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 Cradle Days In York County
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By Mrs. Lila Collins Crounse [Crounce]

A portion of the road where it crosses the Blue river between sections 9 and 10 in McFadden township is being rerouted, following again the road past the old Red Lion mill site, a road which was abandoned several years ago as being unsatisfactory. This has resulted in a revival of interest in the old mill, which was one of the early institutions in the newly established settlements along the Blue.

Early in the spring of 1878, Chas. Seeley, who had a mill on the Blue in the south edge of York county, conceived the idea of establishing another in what appeared to be a live and growing community. The land was secured from Nick Nye, the first owner, who secured it through a pre-railroad grant.

Securing water rights, etc., the work was soon begun, Henry Rogers, who had a homestead some little distance west of the McFadden homestead, secured the contract for digging the race. This was done in its entirety by oxen and the limited tools, plows, spades, shovels, etc., then available. The activity centered around this project with the hauling of lumber. The hammering and pounding carried on all day was an interesting and exciting thing to the few early settlers in the vicinity.

When the work was nicely going another settler by the name of Nosser or Norser – the name having been partly forgotten – reported that he also had secured water-rights and a mill site a short distance west. He began felling a few trees which he threw across the stream, damming it enough to damage the site further east. This disturbance finally resulted in a law suit. The hearing was postponed a time or two, awaiting further developments. In the meantime Mr. Seeley had secured from another early settler, Noah Martin, the information that he had heard Mr. Nosser or Norser boast that he would "fix" the mill site for Mr. Seeley. Before the case could come to trial again Noah Martin, who was to have been Seeley's main witness, met a tragic death. His team brought him home, lying dead in his wagon with wounds in his head, indicating he had been slain by blows from a hammer or some such instrument. This event in all its ramifications makes another pioneer story still well remembered by a very few of the remaining early day settlers. The murderer was never apprehended and the mystery never solved. However Seeley retained his rights and the mill was built and for years did a thriving business.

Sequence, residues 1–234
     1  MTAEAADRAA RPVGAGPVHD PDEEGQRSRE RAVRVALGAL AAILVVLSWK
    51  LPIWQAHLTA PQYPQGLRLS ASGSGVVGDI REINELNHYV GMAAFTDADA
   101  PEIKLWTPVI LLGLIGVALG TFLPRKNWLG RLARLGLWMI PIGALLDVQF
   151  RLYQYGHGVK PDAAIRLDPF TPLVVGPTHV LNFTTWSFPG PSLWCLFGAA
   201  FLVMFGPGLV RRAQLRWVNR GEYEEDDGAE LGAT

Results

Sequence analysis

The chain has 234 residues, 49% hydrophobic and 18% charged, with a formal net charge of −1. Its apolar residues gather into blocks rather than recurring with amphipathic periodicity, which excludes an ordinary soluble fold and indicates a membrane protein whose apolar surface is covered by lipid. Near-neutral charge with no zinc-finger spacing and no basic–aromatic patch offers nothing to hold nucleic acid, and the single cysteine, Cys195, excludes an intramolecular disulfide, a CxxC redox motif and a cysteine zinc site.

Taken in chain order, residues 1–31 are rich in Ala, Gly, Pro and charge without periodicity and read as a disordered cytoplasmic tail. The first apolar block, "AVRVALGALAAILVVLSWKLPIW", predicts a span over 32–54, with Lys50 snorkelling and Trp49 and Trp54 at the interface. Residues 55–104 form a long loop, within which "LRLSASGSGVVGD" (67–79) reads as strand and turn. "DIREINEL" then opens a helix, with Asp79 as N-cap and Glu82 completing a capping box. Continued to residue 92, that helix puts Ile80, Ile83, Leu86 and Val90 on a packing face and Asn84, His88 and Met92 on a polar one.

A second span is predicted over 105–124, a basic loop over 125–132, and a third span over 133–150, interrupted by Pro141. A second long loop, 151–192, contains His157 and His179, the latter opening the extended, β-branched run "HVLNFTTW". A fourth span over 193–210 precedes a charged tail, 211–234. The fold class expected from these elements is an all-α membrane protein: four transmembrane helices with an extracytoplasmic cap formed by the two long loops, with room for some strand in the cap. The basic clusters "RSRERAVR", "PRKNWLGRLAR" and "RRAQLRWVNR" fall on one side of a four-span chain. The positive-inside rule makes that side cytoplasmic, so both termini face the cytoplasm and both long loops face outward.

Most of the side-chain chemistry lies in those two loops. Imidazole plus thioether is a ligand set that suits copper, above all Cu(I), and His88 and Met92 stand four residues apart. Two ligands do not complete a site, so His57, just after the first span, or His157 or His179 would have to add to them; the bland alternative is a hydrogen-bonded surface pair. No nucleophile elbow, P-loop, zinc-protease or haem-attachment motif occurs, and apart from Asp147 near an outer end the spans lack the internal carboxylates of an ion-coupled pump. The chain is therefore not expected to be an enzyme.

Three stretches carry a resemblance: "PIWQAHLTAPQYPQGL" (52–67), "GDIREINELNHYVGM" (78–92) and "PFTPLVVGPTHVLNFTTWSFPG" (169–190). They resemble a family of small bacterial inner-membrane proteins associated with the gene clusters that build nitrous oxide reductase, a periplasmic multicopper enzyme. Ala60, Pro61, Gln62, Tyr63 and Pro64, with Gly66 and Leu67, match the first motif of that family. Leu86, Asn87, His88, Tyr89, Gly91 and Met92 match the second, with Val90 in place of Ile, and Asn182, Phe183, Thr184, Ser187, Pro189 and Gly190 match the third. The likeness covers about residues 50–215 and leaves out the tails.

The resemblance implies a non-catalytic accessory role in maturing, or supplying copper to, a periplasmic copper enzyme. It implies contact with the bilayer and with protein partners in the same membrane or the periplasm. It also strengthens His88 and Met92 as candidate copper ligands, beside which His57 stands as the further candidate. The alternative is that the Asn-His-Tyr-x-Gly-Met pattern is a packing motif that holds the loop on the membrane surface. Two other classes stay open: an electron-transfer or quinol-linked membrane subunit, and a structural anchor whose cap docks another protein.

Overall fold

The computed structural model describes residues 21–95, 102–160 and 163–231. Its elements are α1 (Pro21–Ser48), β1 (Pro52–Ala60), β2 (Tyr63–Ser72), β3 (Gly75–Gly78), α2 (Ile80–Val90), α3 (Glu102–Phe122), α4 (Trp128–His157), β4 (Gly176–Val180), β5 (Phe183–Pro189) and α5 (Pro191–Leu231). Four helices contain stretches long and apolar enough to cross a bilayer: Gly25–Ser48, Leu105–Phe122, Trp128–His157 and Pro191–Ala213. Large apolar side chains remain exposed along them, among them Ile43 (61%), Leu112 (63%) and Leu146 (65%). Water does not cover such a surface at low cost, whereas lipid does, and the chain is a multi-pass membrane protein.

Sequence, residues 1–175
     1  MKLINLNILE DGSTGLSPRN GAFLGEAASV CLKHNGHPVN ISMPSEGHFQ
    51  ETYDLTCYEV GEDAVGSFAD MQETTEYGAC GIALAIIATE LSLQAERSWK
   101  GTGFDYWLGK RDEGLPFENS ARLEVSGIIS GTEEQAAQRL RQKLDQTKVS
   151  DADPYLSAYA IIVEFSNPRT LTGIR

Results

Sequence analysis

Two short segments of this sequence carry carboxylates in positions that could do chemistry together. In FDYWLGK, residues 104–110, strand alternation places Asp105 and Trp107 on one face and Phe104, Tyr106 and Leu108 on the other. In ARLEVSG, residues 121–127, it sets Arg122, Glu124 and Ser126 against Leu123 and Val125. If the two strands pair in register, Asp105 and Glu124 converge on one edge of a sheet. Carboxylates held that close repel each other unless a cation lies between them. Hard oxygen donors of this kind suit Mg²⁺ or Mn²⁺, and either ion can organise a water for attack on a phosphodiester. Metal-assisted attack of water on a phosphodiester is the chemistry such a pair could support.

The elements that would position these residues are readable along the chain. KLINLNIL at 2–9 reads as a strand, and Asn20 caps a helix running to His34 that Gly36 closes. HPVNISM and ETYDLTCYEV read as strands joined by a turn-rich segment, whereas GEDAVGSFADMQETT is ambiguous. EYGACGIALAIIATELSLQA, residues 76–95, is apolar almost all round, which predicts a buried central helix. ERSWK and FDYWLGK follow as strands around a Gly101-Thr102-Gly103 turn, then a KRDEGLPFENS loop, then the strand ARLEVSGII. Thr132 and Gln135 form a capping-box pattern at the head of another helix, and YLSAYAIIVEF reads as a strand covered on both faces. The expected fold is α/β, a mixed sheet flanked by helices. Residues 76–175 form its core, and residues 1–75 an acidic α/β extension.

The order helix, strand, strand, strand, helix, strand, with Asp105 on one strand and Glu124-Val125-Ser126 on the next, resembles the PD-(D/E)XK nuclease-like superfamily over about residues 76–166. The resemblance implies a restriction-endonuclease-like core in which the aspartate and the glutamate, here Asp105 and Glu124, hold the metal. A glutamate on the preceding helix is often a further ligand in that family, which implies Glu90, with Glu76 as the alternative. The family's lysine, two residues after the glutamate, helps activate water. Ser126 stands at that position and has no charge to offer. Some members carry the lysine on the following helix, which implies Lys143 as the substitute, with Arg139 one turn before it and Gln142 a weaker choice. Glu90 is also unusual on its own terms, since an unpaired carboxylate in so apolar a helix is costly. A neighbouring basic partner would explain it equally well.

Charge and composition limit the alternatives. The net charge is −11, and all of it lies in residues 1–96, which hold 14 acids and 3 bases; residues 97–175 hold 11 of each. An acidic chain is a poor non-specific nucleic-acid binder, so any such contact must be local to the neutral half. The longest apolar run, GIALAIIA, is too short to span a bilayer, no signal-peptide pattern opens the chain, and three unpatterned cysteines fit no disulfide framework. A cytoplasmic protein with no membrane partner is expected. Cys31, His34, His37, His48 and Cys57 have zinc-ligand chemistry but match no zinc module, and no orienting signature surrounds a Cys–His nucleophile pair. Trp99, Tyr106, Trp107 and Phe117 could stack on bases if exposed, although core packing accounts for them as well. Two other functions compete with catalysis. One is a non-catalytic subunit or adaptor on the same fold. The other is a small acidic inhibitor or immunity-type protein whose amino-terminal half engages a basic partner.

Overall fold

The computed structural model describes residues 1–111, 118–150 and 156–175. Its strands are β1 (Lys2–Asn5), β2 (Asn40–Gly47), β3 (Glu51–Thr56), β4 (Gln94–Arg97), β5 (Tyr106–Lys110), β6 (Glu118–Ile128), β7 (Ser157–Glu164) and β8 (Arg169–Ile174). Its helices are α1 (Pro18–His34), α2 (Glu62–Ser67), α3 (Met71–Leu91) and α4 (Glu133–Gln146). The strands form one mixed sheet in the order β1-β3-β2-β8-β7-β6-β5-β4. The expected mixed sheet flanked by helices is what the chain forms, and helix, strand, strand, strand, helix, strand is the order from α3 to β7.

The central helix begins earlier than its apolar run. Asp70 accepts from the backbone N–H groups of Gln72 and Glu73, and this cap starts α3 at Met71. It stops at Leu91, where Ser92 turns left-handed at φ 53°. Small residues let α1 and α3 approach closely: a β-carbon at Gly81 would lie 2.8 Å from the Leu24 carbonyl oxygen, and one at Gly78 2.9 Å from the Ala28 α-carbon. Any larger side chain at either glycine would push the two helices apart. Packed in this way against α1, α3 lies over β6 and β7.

Soon after getting his right established Mr. Seeley, who found it impossible to take care of two mills, sent for his brother-in-law, E. O. Wright, in Iowa, who was not a miller but a very diligent man and one on whom he knew he could depend. Late one autumn day Mr. Wright, with his family and worldly possessions in a covered wagon and with his young son, Gene, with a cattle whip driving the family cow, stopped at the farm home of Chris Holoch, who had settled on the Blue in 1866. Charlie Holoch and his sister, Carrie, now Mrs. Saddoris, as small children were husking corn and from them Mr. Wright found out how he could get to the Red Lion mill only a short distance away.

Under Mr. Wright's management the mill did a thriving business. Wheat was hauled long distances to be ground into flour. From a Bohemian settlement in Saline county great loads, often 60 or 65 sacks piled high on wagons, came to be turned into flour. The mill ran day and night. Mr. Wright, who was a very painstaking man, never began his day's work without a complete survey of his machinery and dam. Any small leak or muskrat hole was detected and immediately repaired, so that the work never lagged. "Uncle Sam" Smith, who lived nearby, was employed the year round and spent much time cutting and hauling slabs of sod to help keep the dam in repair.

Mr. Wright never allowed his mill to run on Sunday. Although the whir and pounding lasted until dawn with the time of the passing of the settlers on the way to church the noise ceased and the mill was silent until perhaps midnight when activities again were resumed. Very early a postoffice was established. Then a country store, blacksmith shop and a number of small buildings sprung up and a tiny inland hamlet came in to being. Here also stood the old "Custom Barn" which housed many a team of horses for the settlers during the wait for their "grist" to be ground. The feed for the horses was sure to be brought along.

Mr. Wright sold the mill later to Mr. Stambaugh. Soon the little village was known as a Dunkard settlement, several Dunkard families settling there at that time. The old country store was turned into a church and services held there for several years. The mill passed through several hands in the following years, Case, Price and Ace Martin having owned and operated it for various lengths of time.

During these years the mill was changed from the burr to the newer type roller plan. Never at any time out of running order but shut down at times for reasons such as lack of business, etc. Finally the mill was sold to John Bearss. He did some changing, adding a fifth or finishing roller, a new and better bolting system. But one morning in early summer, 1903, the continued whistling of a steam engine fired and ready for a corn shelling job at a nearby farm house and the ringing of the old dinner bell announced to the farmers nearby that something was amiss and word quickly passed that the old mill was on fire. Help soon gathered, but the old building, dry as tinder and with the accumulated dust and cobwebs of more than a quarter century, was soon a mass of burning embers. The old landmark, the Red Lion mill, so familiar to the settlers for years, with its large picture in red of a bold lion with lashing tail painted on the outside wall above the loading platform, was no more.

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